Why do we worry so much about the perfection of service and luxury goods, and hardly at all about people that are homeless and starving?  Why are there burgeoning industries around getting people to buy luxuries, completely useless electronics, and million dollar cars, yet organizations trying to feed the poor usually have to beg for money?  One is clearly more important than the other, to anyone who isn’t completely psychotic.  I challenge anyone to tell me seriously to my face that making more iPhones is more important than providing food to those that don’t have it.  Our society’s priorities have no sense about them.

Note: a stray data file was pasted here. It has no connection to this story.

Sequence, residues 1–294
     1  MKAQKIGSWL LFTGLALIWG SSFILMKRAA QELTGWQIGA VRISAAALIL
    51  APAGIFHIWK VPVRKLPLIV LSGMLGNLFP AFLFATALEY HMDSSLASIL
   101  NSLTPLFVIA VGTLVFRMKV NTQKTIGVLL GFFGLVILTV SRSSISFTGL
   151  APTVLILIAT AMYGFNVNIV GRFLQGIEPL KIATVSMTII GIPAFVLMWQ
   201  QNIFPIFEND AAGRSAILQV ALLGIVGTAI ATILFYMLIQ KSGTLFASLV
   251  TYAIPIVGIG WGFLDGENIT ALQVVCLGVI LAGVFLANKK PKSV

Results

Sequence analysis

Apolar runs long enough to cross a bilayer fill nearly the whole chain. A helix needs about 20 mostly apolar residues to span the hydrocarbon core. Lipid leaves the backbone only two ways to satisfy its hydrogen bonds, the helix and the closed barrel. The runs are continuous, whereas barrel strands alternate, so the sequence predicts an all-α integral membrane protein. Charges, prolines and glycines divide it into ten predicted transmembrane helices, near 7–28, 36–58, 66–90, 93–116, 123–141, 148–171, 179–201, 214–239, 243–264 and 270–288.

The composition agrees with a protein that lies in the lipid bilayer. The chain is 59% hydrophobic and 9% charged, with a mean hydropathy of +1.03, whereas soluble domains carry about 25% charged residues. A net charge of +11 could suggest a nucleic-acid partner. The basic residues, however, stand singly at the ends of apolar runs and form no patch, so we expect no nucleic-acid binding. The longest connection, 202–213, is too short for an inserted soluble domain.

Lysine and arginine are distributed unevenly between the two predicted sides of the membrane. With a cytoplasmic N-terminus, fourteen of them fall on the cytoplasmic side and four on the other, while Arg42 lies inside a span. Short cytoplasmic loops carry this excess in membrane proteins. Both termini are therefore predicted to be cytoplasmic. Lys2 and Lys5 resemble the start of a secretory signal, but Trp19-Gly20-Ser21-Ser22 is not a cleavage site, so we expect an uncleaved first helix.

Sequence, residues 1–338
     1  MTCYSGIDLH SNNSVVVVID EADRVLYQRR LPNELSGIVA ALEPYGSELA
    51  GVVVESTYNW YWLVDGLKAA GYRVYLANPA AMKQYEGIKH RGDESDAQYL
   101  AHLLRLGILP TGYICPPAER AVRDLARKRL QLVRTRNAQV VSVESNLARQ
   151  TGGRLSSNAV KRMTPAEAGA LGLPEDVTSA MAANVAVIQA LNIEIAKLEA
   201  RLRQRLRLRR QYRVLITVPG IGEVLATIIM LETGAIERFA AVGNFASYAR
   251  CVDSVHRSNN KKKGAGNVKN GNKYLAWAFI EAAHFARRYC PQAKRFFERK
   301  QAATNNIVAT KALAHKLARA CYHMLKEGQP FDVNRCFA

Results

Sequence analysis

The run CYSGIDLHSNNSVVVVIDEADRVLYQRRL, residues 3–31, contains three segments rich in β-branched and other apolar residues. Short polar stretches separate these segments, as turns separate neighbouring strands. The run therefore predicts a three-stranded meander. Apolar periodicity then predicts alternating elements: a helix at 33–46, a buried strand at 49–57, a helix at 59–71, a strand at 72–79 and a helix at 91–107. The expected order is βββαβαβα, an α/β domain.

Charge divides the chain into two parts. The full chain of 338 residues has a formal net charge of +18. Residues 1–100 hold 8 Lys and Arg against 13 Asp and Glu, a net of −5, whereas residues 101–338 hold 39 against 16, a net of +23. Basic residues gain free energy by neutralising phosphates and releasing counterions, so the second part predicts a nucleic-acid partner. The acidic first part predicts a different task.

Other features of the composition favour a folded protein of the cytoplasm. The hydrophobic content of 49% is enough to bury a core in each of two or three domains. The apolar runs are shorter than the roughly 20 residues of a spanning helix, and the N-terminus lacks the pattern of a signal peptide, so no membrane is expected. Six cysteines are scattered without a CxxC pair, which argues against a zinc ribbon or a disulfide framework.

Natural economics seeks to straighten out our priorities to a much more sensible order.  At no point should a luxury ever be considered more important than a necessity.  That holds true even if the necessity is for the laziest person on Earth and the luxury is for the most important person in human history.  Items are prioritized according to the function they perform, independent of how badly they are wanted, or how much the person that wants them “contributed to society”.

The allocation and production of necessities to the level of fulfillment necessary for people to live is kept entirely out of the hands of people.  There is no need for anyone to decide this problem, and control of the essentials for life is a very easy path to dominating others.  Production of the goods used to fulfill basic needs, outside of the automated system, are considered luxury goods, and fall under the same set of constraints as other luxuries.